Alzheimer’s and Heavy Metals

Although we have much to learn about Alzheimer’s, we can make some general observations about why chlorella can be effective in both its prevention and treatment.

One school of thought holds that Alzheimer’s is related to heavy metal exposure. Higher levels of various heavy metals have been found in the brains and blood of patients with Alzheimer’s, but the link with Alzheimer’s remains controversial.

Whatever its ultimate role in causing Alzheimer’s, heavy metals such as aluminum and mercury are well-known neurotoxins, which disrupt more than 50 chemical reactions in your body. Limiting your exposure to heavy metals is a wise choice. So is removing them from your system with chlorella.

Chlorella contains chlorophyll, which is well-documented as a supremely effective remover of heavy metal toxins from the body. As scientists debate the exact linkage of these toxins and Alzheimer’s, you can help protect your brain by safely escorting them out of your system with chlorella.

Robert Terry et al. are the authors of a book which reviews current knowledge about Alzheimer’s Disease (AD). The book was recently described as “the best single book on the topic” by the New England Journal of Medicine and as “a most useful reference for practitioners of medicine” by the Journal of the American Medical Associations.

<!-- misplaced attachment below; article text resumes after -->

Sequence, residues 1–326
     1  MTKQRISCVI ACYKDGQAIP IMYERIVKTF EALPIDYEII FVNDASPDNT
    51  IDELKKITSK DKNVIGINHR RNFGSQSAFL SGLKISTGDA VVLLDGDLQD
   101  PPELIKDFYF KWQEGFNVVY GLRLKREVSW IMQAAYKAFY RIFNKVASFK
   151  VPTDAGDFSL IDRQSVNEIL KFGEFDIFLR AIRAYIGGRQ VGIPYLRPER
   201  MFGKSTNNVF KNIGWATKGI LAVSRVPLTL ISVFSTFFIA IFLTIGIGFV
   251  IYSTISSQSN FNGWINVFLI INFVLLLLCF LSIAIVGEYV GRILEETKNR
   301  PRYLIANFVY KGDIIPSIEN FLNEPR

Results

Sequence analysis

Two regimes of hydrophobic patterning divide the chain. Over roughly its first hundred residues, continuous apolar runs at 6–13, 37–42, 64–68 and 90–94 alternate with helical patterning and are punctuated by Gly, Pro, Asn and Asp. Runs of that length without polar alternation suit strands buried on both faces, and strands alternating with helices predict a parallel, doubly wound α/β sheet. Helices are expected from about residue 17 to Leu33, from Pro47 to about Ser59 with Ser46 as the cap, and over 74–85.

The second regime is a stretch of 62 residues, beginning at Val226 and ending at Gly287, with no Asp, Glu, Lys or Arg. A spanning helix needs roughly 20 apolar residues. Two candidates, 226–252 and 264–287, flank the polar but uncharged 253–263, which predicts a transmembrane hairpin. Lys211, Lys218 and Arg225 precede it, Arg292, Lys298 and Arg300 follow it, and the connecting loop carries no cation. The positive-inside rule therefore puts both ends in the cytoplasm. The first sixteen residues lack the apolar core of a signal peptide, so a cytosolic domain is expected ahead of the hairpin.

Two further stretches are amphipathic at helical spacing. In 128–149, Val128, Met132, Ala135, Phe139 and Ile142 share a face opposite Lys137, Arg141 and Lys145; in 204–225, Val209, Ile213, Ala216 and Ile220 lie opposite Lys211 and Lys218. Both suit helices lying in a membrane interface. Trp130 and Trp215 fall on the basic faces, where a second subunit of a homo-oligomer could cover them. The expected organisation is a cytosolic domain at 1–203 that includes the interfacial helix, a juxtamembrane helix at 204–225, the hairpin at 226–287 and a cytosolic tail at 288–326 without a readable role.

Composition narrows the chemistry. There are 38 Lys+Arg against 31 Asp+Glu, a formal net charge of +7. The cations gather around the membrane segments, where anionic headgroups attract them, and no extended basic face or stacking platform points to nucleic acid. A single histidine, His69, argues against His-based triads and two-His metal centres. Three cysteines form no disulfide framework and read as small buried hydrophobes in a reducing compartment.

On page 363 of this book, Terry et al. state: “Taken together, these studies suggest that chronic low level Hg Mercury toxicity in AD should be considered as a potential pathogenetic factor in AD.”

Because amalgam is the dominant source of human exposure to mercury, one may paraphrase this conclusion as follows: “Chronic low level exposure to mercury from amalgam should be considered as a factor in AD.”

This evidence supports the hypothesis that silver-mercury fillings, also known as amalgams, cause AD. The scientific evidence supports the following statements:

(1) People with amalgams have much more mercury in their bodies, including their brains, than people without amalgams; the extra mercury carried by people with amalgams constitutes half to three-fourths of all mercury found in their bodies;

(2) People who die of AD have elevated levels of mercury in their brains; in rat brains and human brain homogenate, mercury blocks a biochemical process that is also blocked in the brains of AD victims; mercury causes emotional and mental symptoms frequently found in AD patients;

(3) Twin studies suggest an environmental cause of AD; epidemiological evidence (the temporal and racial distribution of AD) suggests mercury from amalgams plays a role in AD;

(4) The hypothesis that mercury causes AD is consistent with other hypotheses about the etiology of AD, namely, that apolipoprotein E status is a strong predictor of AD, that education and estrogen protect against AD, and that trauma to the head may trigger AD;

(5) Mercury may be a cause of other diseases of the central nervous system, including amyotrophic lateral sclerosis, multiple sclerosis, and Parkinson’s Disease.

There is much research to support the ability of chlorella to expel heavy metal toxins such as mercury from the body.